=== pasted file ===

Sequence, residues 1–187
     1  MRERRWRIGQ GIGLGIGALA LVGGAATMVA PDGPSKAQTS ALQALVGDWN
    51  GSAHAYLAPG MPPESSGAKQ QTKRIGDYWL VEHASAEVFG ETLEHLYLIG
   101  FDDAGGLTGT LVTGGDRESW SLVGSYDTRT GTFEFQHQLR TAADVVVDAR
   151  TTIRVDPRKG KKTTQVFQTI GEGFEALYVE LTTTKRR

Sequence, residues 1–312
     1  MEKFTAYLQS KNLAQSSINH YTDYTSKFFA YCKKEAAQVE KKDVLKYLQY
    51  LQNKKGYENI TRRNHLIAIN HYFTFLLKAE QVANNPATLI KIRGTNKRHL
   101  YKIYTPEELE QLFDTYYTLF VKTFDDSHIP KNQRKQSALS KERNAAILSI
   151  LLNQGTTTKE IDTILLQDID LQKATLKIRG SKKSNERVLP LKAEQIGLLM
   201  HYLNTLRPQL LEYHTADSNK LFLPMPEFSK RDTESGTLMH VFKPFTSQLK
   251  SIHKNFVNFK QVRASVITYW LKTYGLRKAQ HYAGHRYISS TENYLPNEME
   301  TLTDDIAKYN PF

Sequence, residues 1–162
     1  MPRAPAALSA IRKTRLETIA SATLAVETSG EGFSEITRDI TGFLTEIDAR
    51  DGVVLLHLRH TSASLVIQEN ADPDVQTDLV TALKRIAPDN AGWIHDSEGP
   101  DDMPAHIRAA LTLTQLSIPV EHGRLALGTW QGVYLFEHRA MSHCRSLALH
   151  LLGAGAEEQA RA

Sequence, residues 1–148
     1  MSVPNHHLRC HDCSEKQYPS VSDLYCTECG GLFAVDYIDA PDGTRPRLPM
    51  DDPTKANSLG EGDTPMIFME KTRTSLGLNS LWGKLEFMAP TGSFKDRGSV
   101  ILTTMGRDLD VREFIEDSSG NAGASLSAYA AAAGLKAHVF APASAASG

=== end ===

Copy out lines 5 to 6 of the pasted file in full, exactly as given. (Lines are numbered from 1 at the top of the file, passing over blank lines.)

   151  TTIRVDPRKG KKTTQVFQTI GEGFEALYVE LTTTKRR

Sequence, residues 1–312